The Five Star Quality Rating System takes the spotlight on the front page of the New York Times and the top of the news cycle, kicking off other publicity and political pressure. Regardless of any of the program's weaknesses, however, it cannot be ignored that providers have used this metric to establish goals and measure improvement — and improved they have.
Seems like it is was only a few weeks ago that the New York Times was blasting the nursing home industry for playing fast and loose with staffing numbers. Now comes a state-by-state report card that essentially says chronic understaffing is undermining care.
Given certain realities about skilled-nursing facility inspections, we should not be wondering why cheating has occurred. Rather, we should be amazed it hasn't been more rampant.
You had to know this was coming. Earlier this week, the New York Times reported that many nursing homes are submitting massaged staffing and quality indicator data to the feds. The alleged reason? So facilities could pull better Five Star ratings.
When I saw the New York Times article illuminating the clever ways devious operators could inflate their Medicare star ratings, I had mixed emotions ranging from fury to rage.
A leader in Congress has called for an evaluation of the nursing home five-star rating system in light of a recent New York Times article. Rep. Elijah Cummings (D-MD) requested that Centers for Medicare & Medicaid Services officials brief his staff by Sept. 16. One area of concern is the heavy reliance on nursing homes' self-reported data about staffing levels and quality of care, which may not be regularly audited for accuracy, Cummings stated in his Aug. 26 letter to CMS Administrator Marilyn Tavenner.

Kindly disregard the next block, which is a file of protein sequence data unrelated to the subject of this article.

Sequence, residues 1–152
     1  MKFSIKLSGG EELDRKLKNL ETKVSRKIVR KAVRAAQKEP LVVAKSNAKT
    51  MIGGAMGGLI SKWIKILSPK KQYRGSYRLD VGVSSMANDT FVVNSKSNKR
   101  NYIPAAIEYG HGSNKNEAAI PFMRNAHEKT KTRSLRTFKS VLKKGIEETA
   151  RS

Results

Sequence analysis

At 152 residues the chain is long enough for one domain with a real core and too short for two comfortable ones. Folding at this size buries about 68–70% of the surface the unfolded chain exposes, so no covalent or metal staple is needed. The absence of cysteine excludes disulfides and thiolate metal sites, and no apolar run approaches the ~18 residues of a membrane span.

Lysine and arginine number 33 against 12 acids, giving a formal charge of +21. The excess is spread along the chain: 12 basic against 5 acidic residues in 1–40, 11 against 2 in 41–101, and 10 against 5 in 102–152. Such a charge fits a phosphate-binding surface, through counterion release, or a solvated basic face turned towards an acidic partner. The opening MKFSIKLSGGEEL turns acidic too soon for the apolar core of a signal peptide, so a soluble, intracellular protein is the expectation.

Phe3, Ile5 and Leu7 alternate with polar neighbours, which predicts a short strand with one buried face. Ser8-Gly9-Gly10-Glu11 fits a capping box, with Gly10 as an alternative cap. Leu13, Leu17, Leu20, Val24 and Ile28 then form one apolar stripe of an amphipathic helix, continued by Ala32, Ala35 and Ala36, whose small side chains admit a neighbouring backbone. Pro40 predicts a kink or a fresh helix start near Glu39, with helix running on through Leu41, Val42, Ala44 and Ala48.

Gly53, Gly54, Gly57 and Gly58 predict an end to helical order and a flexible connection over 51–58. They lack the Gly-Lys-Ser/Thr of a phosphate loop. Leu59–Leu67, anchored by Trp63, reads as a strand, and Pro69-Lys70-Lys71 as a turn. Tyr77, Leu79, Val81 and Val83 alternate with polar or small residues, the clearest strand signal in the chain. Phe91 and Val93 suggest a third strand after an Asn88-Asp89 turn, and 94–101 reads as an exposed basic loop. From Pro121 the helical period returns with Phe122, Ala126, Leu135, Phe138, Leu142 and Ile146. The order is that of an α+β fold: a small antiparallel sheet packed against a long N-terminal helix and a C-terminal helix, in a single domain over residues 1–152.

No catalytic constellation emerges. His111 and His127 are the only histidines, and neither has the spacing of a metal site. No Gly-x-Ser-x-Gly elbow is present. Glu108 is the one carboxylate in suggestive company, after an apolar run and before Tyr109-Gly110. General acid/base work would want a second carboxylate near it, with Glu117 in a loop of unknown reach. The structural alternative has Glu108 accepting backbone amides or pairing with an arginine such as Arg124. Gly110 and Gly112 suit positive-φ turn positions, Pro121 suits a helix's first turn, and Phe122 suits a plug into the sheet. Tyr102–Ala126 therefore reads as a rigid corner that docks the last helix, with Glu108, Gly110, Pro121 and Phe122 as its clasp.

A pall hangs over this sector at the moment, thanks to the New York Times.
As never before, data collection and analytics have become part and parcel of long-term care. Even midsize and smaller operators are sifting through amazingly granular information to document strengths, address weaknesses and unearth new opportunities. It's all fantastic stuff.
People with complex needs could find themselves squeezed out of the most appropriate long-term care settings as Medicaid beneficiaries become enrolled in programs from private sector companies, The New York Times reported in a lengthy Page 1 examination of the subject Friday.
It was a simple question, one I've asked before in moments of extreme desperation. But this time, the answer went beyond merely helpful.
I'll let you in on a secret: Most of the time, the long-term care business press is, if not always on your side, at least sympathetic to your plight.
For all the talk about reducing rehospitalizations, there seems to be a big element missing, according to the New York Times: that of talking.
Sleep quality, or a lack thereof, will no doubt be familiar to anyone who has children. Even if without progeny, some of you might relate to the following.
One of the popular drumbeats in long-term care is about the importance of "telling our story." But if you go to look for a literal story, you may find yourself coming up short.